Archive for the ‘Marriage & Relationships’ Category

The Deeper Meaning of Couples Communication

July 19, 2016 | posted in: Marriage & Relationships
The number one reason couples come to therapy is because of “communication issues.” Why do I put this in quotes?  Because when couples speak about communication issues, it’s not that they can’t talk to one another -- some couples do a great job of making time to sit down and communicate. Nor is it about their attempt to understand one another -- some couples can paraphrase back exactly what their partners think and feel about a certain topic. What couples really mean when they say Read More

The Imaginary Fight: Distance in Couple Arguments

April 25, 2016 | posted in: Managing Emotions
Many couples feel as if they get locked into a certain dynamic or repetitive pattern in their relationship. This pattern seems to play out during times of stress or conflict, and it often lurks under the surface of the conversation and out of awareness of both partners.  This pattern comes with feelings of anxiety, guilt and sometimes shame – though they are never acknowledged or spoken of. These patterns may have been present from the beginning of the relationship, or they may have developed during Read More

Care to Dance: I’ll take blame you take attack. Conflict in Couples

June 3, 2015 | posted in: Emotional Defenses
All couples have arguments, and contrary to popular belief, arguments with your spouse or partner are healthy. They help decide the direction or course of the relationship, resolve important decisions regarding child rearing or domestic issues, and move the relationship forward. But was frustrates most couples is when they tend to have the same argument over and over and over. More to the point, what keep couples stuck is when they fall into the same dynamic when they argue. Dynamics or as Lerner (1989) calls them, Read More

Emotional Safety for Couples

January 30, 2015 | posted in: Emotional Development
Joseph Sandler was a psychoanalyst who coined the term “Background of Safety” in his 1960 paper. His “safety principle” was way ahead of its time when Freud’s “pleasure principle” dominated the psychological landscape. What he meant by “safety principle” has now been verified by Bowlby’s attachment theory and his ideas of “safe haven” and “secure base.” That is to say that in every relationship there must be an underlying feeling that each partner is safe – safe not only from physical harm, but from psychological Read More

Deepening the Attachment Ties in Couples

January 22, 2015 | posted in: Family Counseling
When counseling couples I often hear, “I love her, but…” or “He’s a good man, but….” Usually the “but” is my first clue that there may be a disruption in the attachment bond. Strong attachment ties are the stuff of life. We are born into a web of relationships and it hardly seems we know who we are outside of those relationships. But (here we go again) those attachment ties can be difficult to maintain. Over time attachments change, they morph into something we often Read More

Good Mental Health – Introduction

January 16, 2015 | posted in: Emotional Development
This is the beginning of a new year. Therefore, we should start fresh and consider the year 2015 as the year of good mental health. But what is good mental health? Does it mean less stress, more exercise, or eating healthy? While those things are important for brain heath, they are not exactly considered good mental health. When I speak of good mental health I mean cultivating certain capacities within ourselves that lead to certain outcomes. For example, who wouldn’t want to be more resilient Read More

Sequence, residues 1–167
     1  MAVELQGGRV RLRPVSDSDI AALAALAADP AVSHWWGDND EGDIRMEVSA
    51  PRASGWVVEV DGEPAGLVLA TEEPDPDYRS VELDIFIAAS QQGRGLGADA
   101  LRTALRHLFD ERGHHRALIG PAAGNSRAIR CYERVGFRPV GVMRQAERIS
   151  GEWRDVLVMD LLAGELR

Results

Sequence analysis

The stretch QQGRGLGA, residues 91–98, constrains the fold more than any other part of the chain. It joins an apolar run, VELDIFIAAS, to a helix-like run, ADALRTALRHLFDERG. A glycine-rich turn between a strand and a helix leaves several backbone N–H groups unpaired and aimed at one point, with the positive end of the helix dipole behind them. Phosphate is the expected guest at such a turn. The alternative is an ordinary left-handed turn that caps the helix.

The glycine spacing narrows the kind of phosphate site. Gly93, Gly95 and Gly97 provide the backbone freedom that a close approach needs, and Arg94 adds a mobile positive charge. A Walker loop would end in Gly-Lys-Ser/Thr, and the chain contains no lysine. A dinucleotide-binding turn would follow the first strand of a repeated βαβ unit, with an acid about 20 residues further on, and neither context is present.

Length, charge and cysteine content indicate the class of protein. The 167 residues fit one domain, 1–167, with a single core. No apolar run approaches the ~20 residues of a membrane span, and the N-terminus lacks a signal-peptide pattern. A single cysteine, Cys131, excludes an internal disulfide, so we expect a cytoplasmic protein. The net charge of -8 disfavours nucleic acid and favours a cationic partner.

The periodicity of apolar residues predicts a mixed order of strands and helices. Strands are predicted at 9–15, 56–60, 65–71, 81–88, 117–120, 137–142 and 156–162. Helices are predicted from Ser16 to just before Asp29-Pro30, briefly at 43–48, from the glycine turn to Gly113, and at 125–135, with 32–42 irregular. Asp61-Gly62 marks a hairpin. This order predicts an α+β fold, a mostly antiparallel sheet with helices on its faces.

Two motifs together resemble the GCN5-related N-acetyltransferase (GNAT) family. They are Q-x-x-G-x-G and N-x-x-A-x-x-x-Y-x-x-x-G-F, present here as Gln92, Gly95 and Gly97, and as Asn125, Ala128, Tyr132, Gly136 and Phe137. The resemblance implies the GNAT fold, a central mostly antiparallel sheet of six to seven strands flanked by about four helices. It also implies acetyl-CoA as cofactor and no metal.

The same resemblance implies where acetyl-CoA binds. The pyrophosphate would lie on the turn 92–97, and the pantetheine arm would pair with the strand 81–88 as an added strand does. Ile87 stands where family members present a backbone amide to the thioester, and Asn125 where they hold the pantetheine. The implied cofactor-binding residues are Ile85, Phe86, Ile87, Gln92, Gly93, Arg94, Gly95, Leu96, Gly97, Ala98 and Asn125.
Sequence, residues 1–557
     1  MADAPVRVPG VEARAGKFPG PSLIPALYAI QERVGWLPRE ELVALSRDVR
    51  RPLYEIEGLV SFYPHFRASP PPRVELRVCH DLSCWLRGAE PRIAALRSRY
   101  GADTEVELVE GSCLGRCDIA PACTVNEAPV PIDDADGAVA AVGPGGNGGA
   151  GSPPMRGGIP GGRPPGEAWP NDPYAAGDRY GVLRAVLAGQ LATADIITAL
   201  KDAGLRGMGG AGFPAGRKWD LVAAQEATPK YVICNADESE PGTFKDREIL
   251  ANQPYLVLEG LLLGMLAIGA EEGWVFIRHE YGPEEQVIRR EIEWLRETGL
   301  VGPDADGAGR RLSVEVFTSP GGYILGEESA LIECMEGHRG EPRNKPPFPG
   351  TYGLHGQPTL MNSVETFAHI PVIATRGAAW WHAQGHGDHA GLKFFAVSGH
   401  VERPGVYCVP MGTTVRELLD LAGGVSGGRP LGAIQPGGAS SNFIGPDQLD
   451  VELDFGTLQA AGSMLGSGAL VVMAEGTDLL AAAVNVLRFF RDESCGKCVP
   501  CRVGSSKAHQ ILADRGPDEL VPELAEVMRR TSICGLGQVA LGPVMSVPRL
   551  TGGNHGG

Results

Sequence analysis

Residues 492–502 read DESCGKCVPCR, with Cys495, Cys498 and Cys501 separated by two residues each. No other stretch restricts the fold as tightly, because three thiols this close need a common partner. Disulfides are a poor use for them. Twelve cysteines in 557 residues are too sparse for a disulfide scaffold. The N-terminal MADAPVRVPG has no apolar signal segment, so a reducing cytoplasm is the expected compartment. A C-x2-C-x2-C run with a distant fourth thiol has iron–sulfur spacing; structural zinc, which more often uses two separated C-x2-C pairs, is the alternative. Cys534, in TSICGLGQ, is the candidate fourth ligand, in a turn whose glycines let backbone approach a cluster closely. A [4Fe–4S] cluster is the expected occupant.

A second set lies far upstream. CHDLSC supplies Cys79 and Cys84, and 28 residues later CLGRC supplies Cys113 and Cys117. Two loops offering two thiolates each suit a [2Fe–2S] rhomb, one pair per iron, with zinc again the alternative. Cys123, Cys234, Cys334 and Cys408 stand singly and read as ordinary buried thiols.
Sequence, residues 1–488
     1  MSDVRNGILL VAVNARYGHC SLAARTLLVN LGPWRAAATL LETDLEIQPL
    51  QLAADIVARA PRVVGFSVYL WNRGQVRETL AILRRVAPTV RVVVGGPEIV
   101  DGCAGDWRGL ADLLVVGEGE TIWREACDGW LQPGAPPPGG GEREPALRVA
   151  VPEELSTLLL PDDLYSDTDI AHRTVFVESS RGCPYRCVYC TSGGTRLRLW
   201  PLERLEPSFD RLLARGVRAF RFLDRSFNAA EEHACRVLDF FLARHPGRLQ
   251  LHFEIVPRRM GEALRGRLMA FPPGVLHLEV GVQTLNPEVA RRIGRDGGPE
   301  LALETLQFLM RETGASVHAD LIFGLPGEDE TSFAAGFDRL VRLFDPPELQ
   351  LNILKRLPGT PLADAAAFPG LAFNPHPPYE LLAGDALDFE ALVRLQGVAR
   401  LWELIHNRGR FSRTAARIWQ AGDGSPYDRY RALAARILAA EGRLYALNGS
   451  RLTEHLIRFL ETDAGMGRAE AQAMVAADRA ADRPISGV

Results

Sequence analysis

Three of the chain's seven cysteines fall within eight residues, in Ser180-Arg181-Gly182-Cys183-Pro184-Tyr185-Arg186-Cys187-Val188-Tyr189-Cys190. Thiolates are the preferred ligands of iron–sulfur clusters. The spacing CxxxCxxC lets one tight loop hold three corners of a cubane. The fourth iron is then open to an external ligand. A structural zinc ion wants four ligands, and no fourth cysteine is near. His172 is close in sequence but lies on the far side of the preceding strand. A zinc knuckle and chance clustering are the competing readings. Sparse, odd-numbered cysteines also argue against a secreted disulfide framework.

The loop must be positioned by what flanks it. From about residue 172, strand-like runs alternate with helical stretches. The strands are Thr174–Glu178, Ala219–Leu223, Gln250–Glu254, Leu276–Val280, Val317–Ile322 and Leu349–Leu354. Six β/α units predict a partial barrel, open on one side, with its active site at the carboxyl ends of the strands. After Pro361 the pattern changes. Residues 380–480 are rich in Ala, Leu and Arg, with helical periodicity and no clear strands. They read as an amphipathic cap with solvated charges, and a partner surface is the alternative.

How Did I Get This Way? Integration

March 25, 2014 | posted in: Emotional Development
This is the fourth of a five part series on development and how it shapes our adult relationship. The first article gives an overview of the entire series and if you have not read the first one you might want to go back and star there. Just as boundaries define us as separate us from others, integration brings us together. Integration is about bringing together the good and Read More

How Did I Get This Way? Separation or Boundaries

February 17, 2014 | posted in: Emotional Development
This is the third of a five part series on development and how its shapes our adult relationships. The first article gives an overview of the entire series and if you have not read the first one you might want to go back and start there. Boundaries separate us from other. It helps us define who we are and who we are not, what we like and what we do not, and what we feel and what we Read More

How Did I Get This Way? Attachment or Bonding

January 31, 2014 | posted in: Coping Skills
This is the second of a five part series on development and how its shapes our adult relationships. The first article gives an overview of the entire series and if you have not read the first one you might want to go back and start there. To say that people need people sounds a bit sentimental. But along with the biological drives such as breathing, eating and sex, one of the strongest drives we have is the drive Read More

How Did I Get This Way? Introduction

January 22, 2014 | posted in: Emotional Development
Sometimes people may ask themselves, how did I become this way, or why did I do that? Maybe these are questions you’ve asked yourself before? Our behavior, though sometimes contradictory and confusing, actually can have a logical and predictable pattern. By understanding the developmental stages that created these patterns we begin to understand what experiences shaped us and helped form our thoughts, feelings, and behaviors – which logically we bring to our relationships as adults. This first post is an Read More